Development of Clay Deposits Owned by the Alberhill Coal and Clay Company

[Trade Journal]

Publication: The Clay-Worker

Indianapolis, IN, United States
vol. 75, no. 3, p. 396, col. 1-2


Written for THE CLAY-WORKER.

PACIFIC COAST NEWS.


SOUTHERN CALIFORNIA is making efforts through the Riverside-county chambers of commerce and the commercial clubs of Los Angeles to bring more clay products manufacturers to the vicinity so that the immense deposits of clays in the southern section of the Btate may be utilized. Several existing plants are preparing to make extensive enlargements to care for the already available trade and others are contemplating adding new lines to their products.

Construction has begun on the half million dollar chinaware plant of the Empire China Co. at Burbank. The Standard Pottery Co. has begun the manufacture of china and art pottery at its Los Angeles plant and several eastern potters have recently visited to investigate the opportunities for large scale manufacture of sanitary wares. Los Angeles has also made great strides in the development of high-resistance refractories within the last few months and although the chemical industries are asking for needed pottery, local manufacturers are refusing orders for terra cotta structural shapes because of inadequate manufacturing facilities.

It is estimated that capital to the amount of $3,000,000 is invested in existing clay products plants in Southern California alone. Industries said to be especially needed are factories for making sanitary pottery, full lines of insulators required for power lines, industrial plants heating and lighting systems, conduits of every size and capacity, architectural terra cotta on a large scale, and chemical stoneware to parallel the tremendously growing chemical industries of this region.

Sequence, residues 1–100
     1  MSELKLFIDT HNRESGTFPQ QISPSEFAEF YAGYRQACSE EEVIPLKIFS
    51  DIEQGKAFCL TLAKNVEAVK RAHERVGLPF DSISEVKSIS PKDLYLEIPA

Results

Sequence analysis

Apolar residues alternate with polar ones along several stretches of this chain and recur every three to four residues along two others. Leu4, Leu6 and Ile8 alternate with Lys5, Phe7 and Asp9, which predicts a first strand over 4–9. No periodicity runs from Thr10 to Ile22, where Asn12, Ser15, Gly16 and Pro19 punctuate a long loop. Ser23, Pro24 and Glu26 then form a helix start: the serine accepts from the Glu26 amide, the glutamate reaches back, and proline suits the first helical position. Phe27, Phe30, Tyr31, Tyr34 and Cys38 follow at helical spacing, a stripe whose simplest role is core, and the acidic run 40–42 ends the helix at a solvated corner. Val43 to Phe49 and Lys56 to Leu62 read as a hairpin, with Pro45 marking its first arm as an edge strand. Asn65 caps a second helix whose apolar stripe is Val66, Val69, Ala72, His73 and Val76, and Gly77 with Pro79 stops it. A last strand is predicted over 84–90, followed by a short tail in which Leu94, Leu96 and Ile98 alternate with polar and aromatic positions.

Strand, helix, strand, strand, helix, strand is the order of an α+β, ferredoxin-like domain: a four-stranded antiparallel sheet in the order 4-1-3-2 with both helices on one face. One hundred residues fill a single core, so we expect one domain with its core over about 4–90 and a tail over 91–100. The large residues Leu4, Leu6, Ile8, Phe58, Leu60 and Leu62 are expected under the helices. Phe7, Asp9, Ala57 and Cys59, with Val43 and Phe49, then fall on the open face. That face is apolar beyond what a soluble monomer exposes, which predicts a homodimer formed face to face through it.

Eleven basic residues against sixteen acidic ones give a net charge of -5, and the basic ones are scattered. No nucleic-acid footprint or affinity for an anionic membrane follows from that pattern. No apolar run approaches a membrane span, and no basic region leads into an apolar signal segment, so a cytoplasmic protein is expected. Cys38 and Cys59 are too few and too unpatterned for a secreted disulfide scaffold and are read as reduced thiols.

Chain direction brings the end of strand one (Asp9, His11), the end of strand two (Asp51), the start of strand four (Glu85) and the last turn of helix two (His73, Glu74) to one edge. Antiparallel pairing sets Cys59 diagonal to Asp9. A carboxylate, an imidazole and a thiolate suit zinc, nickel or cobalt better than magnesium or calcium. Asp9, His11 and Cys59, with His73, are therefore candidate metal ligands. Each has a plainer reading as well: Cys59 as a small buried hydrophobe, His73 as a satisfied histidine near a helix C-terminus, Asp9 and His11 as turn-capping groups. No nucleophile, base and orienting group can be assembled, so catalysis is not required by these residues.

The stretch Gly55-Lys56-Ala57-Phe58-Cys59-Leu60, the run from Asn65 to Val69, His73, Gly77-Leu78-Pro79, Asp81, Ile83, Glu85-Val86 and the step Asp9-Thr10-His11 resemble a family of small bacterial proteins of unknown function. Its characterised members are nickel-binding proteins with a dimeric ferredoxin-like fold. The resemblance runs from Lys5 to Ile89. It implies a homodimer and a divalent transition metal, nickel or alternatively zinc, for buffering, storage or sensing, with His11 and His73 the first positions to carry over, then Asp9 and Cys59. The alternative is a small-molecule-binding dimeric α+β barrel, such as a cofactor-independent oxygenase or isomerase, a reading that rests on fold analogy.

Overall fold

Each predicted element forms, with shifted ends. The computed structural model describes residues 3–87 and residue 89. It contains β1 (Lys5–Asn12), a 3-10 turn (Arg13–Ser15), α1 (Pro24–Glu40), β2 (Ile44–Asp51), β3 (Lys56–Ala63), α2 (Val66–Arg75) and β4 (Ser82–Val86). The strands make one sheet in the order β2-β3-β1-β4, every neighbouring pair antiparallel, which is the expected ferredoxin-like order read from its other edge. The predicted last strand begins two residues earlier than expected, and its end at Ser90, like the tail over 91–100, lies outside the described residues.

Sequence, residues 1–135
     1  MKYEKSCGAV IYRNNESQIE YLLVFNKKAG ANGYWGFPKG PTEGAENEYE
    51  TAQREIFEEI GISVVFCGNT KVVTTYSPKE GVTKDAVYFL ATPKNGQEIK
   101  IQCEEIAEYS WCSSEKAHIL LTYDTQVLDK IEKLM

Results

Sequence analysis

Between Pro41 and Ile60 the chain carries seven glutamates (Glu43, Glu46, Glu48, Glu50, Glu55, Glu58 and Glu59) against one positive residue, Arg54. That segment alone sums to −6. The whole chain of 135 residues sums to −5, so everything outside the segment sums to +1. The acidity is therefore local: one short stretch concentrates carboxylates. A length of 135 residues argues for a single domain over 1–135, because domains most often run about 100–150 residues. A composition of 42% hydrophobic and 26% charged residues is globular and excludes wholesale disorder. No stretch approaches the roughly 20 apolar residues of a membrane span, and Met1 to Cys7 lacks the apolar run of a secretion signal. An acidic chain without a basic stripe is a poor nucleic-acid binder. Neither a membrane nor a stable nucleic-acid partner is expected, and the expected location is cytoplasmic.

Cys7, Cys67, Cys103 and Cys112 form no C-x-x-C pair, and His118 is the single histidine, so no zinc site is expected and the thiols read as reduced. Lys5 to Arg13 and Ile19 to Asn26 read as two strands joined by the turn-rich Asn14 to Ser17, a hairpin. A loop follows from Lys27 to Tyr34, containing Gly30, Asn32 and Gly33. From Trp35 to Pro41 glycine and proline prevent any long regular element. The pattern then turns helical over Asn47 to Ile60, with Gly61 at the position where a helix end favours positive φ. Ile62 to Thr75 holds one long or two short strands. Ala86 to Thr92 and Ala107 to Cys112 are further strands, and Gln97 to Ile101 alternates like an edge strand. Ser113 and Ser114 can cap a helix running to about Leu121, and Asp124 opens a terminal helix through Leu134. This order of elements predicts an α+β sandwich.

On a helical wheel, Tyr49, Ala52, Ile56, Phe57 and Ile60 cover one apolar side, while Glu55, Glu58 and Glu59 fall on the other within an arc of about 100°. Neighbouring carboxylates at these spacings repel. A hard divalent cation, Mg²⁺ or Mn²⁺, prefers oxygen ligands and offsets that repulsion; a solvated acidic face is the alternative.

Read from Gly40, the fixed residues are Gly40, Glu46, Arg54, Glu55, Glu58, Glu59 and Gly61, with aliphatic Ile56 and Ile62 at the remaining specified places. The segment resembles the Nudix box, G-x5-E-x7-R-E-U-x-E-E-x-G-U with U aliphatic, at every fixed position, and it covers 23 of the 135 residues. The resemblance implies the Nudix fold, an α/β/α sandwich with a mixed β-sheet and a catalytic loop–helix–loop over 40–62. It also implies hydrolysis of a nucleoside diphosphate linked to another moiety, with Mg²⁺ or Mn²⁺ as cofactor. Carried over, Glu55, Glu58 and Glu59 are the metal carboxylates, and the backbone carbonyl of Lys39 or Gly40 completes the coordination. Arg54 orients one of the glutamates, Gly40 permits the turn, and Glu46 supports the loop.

A prominent citizen of Los Angeles recently said that a solid foundation has been laid for the safe and profitable investment of capital in a great development of the clay products industries on the Pacific coast. Important reactions from the United States government's research work during the war are about to accrue to the Los Angeles clay industries through investigations and discoveries made during that period which were of a permanent value to the industry. A laboratory then established has continued to function ever since having been responsible for proving the Curtis theories for the vitrifax manufacture. At the present time research is going on in the same laboratory to' prove the insulator values of the local clays.

Clays from all over southern California are being constantly subjected to scrutiny and scientific tests with satisfactory results.

A veritable mountain of clay was uncovered during the progress of this research work at Alberhill, Riverside county, 74 miles southeast of Los Angeles. A variety of clays is included in the mountain which is owned by the Alberhill Coal and Clay Co. of Los Angeles, of which James H. Hill is general manager. In speaking of the clay mountain at Alberhill, a visitor, Charles J. Kirk, president of the Universal Sanitary Manufacturing Co., Newcastle, Pa., who carefully went over the various workings and shafts, said that although previously skeptical he was amazed at such a revelation as stood before him.

In speaking of plans for the future James H. Hill, head of the Alberhill Coal and Clay Co. and of the war research work for the government, said: "We have a tract two and a half miles long and a mile wide with proven clay deposits almost inexhaustible, including coal, for producer gas, glazing compounds and adjacent deposits of silica and feldspar for china and magnesite for refractories; Including also an abundance of water for industrial and domestic supply."

Of 120,000 tons of clay mined in 1920 at Alberhill, the Los Angeles Pressed Brick Co. used 54,000 tODS for brick manufacturing. The addition of a late model continuous kiln is now contemplated so that this concern's capacity will be doubled during the present year.

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Keywords:Alberhill Coal and Clay Company
Researcher notes: 
Supplemental information:Articles: 10744, 10748, 11029
Researcher:Elton Gish
Date completed:January 31, 2010 by: Elton Gish;